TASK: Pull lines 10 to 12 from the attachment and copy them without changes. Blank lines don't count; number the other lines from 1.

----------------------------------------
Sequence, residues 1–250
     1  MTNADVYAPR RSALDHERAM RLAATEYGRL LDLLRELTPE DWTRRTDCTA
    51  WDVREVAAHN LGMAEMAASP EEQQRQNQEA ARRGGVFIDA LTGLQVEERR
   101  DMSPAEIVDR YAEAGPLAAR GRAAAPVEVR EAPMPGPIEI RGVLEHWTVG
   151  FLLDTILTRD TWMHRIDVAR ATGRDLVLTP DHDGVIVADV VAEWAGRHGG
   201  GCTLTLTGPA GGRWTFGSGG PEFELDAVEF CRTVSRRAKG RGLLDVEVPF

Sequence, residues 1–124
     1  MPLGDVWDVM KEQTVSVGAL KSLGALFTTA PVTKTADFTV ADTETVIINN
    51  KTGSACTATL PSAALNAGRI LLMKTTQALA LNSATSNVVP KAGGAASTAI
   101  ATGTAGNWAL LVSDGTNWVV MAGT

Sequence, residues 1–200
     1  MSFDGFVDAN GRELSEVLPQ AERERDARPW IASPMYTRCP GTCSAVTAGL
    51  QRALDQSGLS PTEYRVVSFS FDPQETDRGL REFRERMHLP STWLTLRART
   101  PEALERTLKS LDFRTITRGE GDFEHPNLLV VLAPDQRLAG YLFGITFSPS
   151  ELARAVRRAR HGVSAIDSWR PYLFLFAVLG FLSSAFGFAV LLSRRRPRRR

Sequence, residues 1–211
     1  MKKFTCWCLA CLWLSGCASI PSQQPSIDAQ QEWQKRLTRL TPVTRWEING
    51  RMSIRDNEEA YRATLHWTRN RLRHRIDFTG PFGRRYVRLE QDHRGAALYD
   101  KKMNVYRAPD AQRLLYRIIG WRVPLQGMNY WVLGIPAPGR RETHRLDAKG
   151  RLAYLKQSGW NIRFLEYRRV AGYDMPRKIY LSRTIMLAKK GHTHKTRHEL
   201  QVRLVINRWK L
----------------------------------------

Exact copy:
   101  ATGTAGNWAL LVSDGTNWVV MAGT

Sequence, residues 1–200
     1  MSFDGFVDAN GRELSEVLPQ AERERDARPW IASPMYTRCP GTCSAVTAGL